Regulating Judges
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Regulating Judges

Beyond Independence and Accountability

Edited by Richard Devlin and Adam Dodek

Regulating Judges presents a novel approach to judicial studies. It goes beyond the traditional clash of judicial independence versus judicial accountability. Drawing on regulatory theory, Richard Devlin and Adam Dodek argue that judicial regulation is multi-faceted and requires us to consider the complex interplay of values, institutional norms, procedures, resources and outcomes. Inspired by this conceptual framework, the book invites scholars from 19 jurisdictions to describe and critique the regulatory regimes for a variety of countries from around the world.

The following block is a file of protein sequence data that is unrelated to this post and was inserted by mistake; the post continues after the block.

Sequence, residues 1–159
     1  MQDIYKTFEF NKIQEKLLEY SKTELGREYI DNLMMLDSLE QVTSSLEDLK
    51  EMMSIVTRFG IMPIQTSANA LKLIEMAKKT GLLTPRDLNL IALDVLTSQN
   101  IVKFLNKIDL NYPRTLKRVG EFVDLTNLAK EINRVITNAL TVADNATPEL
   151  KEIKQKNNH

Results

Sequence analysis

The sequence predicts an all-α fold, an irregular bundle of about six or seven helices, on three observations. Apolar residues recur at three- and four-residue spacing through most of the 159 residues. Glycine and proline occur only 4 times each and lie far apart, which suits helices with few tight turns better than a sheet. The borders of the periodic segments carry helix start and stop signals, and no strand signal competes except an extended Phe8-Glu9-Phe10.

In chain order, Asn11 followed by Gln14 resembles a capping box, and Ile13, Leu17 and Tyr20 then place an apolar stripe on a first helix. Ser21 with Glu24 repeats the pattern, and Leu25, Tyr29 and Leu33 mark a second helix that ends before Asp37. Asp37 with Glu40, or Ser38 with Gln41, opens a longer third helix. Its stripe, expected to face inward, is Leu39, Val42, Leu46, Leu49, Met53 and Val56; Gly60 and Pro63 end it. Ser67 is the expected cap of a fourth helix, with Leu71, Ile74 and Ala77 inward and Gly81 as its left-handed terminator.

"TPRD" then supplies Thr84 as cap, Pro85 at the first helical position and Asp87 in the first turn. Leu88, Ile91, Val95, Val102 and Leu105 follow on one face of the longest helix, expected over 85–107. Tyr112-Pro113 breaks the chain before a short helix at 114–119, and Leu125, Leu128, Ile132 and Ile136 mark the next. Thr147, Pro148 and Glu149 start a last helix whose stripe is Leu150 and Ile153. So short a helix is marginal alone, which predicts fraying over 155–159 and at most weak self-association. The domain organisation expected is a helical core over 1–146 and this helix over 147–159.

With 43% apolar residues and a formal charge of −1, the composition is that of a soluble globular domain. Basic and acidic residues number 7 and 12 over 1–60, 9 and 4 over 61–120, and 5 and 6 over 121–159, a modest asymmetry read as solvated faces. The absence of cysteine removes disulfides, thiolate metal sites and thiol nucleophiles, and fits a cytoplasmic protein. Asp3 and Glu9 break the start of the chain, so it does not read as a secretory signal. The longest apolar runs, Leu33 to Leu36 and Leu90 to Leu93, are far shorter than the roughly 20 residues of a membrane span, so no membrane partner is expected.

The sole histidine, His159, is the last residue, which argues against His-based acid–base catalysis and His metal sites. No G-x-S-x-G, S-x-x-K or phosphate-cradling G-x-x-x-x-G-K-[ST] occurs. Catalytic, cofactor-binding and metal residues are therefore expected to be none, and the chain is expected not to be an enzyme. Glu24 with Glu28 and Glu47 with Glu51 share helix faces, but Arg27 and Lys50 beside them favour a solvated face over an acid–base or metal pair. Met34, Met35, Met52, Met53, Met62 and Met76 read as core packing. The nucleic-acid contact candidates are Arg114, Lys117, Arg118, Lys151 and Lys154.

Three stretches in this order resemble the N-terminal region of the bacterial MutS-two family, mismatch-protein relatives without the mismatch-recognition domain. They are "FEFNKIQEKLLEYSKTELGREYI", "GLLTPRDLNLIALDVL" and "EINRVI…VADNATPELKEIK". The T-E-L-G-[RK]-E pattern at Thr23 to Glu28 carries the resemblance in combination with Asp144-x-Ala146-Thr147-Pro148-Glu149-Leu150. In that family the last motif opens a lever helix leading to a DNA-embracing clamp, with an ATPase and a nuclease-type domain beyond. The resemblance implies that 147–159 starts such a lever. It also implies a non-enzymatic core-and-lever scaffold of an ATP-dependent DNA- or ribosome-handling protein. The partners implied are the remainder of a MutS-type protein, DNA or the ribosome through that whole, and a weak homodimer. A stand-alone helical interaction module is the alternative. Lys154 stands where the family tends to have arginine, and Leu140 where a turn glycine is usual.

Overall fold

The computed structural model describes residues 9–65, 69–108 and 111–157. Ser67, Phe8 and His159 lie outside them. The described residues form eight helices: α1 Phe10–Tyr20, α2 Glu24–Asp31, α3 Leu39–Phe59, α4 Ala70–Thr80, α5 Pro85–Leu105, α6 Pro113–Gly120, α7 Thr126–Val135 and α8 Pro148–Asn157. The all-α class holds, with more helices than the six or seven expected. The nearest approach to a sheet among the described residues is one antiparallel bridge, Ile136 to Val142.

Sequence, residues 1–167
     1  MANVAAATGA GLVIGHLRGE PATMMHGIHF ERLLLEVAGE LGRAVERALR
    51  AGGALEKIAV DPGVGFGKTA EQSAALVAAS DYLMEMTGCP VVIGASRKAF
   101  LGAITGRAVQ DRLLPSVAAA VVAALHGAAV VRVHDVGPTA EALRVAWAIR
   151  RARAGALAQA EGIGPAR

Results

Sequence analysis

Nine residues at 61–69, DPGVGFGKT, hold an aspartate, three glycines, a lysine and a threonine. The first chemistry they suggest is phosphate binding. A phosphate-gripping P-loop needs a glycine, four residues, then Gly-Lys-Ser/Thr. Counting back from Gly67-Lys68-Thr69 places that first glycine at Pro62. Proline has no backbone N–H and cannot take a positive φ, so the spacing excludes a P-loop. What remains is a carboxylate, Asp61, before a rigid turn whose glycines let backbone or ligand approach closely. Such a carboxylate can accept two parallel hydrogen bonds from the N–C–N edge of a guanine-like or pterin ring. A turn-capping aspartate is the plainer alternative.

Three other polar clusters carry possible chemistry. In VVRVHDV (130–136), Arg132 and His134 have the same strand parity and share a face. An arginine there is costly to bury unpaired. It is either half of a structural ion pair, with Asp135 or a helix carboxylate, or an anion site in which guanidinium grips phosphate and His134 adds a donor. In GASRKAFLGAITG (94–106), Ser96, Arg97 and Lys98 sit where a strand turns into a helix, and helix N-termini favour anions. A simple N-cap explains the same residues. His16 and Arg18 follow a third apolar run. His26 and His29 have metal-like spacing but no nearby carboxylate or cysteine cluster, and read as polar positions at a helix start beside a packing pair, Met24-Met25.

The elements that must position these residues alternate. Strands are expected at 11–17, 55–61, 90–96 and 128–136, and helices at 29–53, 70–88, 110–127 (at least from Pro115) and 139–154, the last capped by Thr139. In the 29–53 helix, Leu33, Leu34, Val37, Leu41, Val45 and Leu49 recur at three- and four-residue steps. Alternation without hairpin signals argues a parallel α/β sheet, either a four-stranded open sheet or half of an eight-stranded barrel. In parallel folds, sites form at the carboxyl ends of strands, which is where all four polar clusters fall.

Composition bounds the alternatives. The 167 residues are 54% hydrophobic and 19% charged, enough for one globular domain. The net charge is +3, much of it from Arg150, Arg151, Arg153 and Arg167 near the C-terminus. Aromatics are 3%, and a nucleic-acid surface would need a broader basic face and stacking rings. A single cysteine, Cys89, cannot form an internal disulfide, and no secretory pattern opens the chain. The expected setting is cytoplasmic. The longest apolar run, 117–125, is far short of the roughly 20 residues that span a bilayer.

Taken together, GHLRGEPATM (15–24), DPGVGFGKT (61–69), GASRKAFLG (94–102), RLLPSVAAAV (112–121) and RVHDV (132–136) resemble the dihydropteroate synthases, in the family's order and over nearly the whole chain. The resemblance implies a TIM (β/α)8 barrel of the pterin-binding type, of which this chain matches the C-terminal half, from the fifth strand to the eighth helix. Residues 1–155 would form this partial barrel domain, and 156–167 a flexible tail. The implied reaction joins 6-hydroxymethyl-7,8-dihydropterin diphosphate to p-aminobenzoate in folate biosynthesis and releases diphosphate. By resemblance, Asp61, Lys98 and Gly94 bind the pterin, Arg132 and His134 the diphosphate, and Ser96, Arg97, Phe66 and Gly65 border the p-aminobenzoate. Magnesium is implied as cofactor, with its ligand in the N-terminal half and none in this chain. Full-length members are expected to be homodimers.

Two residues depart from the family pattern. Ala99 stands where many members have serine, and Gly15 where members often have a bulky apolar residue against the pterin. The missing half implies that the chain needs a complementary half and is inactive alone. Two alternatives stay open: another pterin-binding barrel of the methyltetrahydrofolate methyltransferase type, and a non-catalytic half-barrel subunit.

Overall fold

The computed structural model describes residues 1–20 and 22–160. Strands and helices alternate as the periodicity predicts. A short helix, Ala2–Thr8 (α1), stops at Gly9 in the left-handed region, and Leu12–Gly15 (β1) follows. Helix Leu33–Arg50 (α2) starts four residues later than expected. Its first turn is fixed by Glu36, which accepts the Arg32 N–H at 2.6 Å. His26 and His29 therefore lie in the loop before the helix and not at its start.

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Chapter 18: Regulating judges in Russia’s dual state: between constitutional and administrative regimes

Alexei Trochev

Abstract

The tension between constitutionalism and administrative arbitrariness complicates regulation of the Russian judiciary, a large bureaucracy that (a) mediates this tension through the mechanisms of acceptance, adaptation and resistance in order to conserve and reproduce internal judicial lines of accountability and control; and (b) produces paradoxical outcomes of judicial performance.

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